Tricks of the Editorial Trade


No matter who you are, no matter how many published manuscripts you have, everyone needs their material edited and sharpened. Here are a few tricks of the trade when it comes to editing your own material.

Find Another Set of Eyes: I was talking with one of our Samizdat authors today and he made an interesting observation. “I’m amazed. I went over the manuscript six times before sending it to you and with one read you found more areas to sharpen than I did.” The reality is that no matter how hard an author works on refining a manuscript, allowing fresh eyes to read through it can always sharpen it more. Find someone you trust to read what you’ve written, especially someone who is new to the project. Allow them to ask questions—ask them to be brutally honest about the manuscript. What you will find is that a fresh pair of eyes will see issues of logic and narrative development more readily than someone who has lived the with manuscript for a longer period of time.

Edit in Phases: The truth of the matter is that editing takes time. It is not something to be rushed. Good editors know that a manuscript is going to need several passes. One pass at a manuscript cannot address every issue that arises in the editorial process. While it may seem easier to edit a manuscript for grammar, punctuation, spelling, and content development all at one time—good editing happens in phases. Edit one thing at a time. You might want to make the first pass the time you look at the big picture, addressing the content development. Does the piece flow properly? Does it lead the reader along smoothly? Does it draw the reader into the story? Subsequent passes should address areas like grammar, punctuation, and spelling.

Spell Checking Made Easy: In regards to spell checking a document, one of the first realizations is the “spell-checker” on your word processing program cannot always be trusted. While it may catch some of the major issues, correctly spelled but grammatically wrong or misplaced words slip past. The best way to spell-check a document is to look at every word, working from the back of the document and working forward, and from bottom to top. This keeps you spell-checking individual words out of their context. Spellchecking in sentences can often “trick” the mind into seeing what is not there.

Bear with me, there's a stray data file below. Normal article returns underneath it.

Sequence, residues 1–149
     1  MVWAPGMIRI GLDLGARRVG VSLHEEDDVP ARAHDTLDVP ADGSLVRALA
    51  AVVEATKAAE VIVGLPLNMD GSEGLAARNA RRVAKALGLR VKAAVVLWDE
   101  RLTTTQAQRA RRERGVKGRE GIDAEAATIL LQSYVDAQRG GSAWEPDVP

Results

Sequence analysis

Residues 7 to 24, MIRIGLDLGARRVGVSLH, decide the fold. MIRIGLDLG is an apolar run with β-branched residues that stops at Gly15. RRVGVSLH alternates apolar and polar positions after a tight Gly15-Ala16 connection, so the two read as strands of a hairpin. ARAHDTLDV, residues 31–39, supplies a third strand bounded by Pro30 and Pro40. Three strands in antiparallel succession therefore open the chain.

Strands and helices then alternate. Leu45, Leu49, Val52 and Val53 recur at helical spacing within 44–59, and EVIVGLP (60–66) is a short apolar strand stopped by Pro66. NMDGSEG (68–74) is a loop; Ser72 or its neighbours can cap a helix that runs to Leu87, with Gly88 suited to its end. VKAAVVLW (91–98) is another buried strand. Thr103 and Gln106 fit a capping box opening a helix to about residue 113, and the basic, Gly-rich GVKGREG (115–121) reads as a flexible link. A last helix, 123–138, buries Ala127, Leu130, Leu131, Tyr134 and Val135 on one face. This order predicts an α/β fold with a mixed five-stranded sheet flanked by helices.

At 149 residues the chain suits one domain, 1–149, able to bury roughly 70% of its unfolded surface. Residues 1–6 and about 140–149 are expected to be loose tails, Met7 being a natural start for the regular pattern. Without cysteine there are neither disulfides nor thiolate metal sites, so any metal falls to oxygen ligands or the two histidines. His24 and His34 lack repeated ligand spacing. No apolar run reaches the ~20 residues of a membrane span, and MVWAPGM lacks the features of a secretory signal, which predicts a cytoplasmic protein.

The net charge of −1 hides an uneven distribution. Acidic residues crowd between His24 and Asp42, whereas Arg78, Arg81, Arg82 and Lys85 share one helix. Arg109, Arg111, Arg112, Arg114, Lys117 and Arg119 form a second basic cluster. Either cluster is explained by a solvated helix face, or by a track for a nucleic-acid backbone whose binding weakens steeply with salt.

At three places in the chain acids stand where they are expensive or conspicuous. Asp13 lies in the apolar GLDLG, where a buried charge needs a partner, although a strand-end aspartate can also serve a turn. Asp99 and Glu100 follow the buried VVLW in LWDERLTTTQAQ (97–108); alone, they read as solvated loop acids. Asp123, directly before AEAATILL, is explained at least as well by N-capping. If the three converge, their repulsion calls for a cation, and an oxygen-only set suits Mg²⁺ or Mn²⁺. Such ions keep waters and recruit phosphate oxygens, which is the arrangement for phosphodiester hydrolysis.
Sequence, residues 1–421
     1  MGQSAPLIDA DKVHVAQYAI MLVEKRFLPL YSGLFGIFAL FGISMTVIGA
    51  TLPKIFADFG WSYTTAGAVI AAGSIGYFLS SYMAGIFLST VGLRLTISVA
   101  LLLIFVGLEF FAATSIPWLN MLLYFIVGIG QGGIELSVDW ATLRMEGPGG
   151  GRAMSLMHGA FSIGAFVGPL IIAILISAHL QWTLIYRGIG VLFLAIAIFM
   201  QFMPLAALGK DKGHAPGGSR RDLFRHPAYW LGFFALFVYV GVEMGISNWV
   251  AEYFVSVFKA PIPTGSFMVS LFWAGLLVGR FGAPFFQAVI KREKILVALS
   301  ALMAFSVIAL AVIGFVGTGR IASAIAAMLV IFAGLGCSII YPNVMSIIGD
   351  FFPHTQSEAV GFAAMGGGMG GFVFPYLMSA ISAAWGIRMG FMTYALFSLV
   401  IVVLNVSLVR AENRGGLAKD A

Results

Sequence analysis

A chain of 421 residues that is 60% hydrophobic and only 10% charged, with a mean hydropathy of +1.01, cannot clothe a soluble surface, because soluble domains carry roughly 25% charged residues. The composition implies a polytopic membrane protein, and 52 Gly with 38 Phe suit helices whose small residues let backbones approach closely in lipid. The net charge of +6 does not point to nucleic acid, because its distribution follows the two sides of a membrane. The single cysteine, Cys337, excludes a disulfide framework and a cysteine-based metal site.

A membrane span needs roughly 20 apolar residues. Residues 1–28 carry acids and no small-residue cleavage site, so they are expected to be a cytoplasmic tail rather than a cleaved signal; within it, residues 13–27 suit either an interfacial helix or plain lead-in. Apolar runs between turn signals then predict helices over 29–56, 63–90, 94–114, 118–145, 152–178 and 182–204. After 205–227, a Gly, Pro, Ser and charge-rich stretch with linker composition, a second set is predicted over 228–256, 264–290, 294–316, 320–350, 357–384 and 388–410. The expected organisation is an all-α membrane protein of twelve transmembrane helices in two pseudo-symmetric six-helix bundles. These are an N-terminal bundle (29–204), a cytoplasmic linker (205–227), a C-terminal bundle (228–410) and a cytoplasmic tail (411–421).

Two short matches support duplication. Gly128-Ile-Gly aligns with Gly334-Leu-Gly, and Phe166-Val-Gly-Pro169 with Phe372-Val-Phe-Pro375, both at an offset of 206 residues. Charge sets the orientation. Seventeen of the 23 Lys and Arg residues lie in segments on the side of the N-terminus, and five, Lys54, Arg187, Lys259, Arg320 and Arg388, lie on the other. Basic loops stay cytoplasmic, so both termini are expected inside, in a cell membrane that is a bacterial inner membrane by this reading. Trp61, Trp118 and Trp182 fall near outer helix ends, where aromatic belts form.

Pace Yourself: Editing a manuscript is not a race to an imaginary finish line. Good editors know their personal pacing and often edit in short chunks of time, not for long periods. When I am editing a manuscript, I rarely spend more than four hours at a time. This allows me to get into a good rhythm, while making sure I avoid getting fatigued while editing. Editing is different than merely reading for pleasure, as your mind is more active and more engaged. This heightened engagement with a manuscript makes the reading process very different from pleasure reading.

Wash, Rinse, Repeat: It’s a fallacy to believe that once you have finished editing a portion of a manuscript, that bit is finished. Good editing does not completely edit a manuscript only once—it revisits the process multiple times. This allows for the most smooth and “clean” document possible. Not only does an editor often visit the same section of a book multiple times, they often do it on multiple days, allowing for the portion being edited to sit and resonate with the reader for a period of time. In addition, it is not unheard of to revisit an earlier portion of the book after editing a later section.

Editing Resources: And finally, no one knows everything there is about proper usage and grammar. All good editors have certain go-to references when they need help. Here are a few reference works that every writer should have on their shelf:
The Chicago Manual of Style, 16th ed. Chicago: The University of Chicago Press, 2010.
Fowler, H. W. A Dictionary of Modern English Usage. New York: Oxford University Press, 2009.
Garner, Bryan A. Garner’s Modern American Usage, 3d ed. New York: Oxford University Press, 2009.
Merriam Webster’s Dictionary of English Usage. Springfield: Merriam-Webster, 1994.
Strunk, William and E. B. White. The Elements of Style. 4th ed. New York: Longman, 1999.
Zinsser, William. On Writing Well: The Classic Guide to Writing Nonfiction. New York: HarperCollins, 2006.


Happy writing (and editing)!

// Mike DeVries



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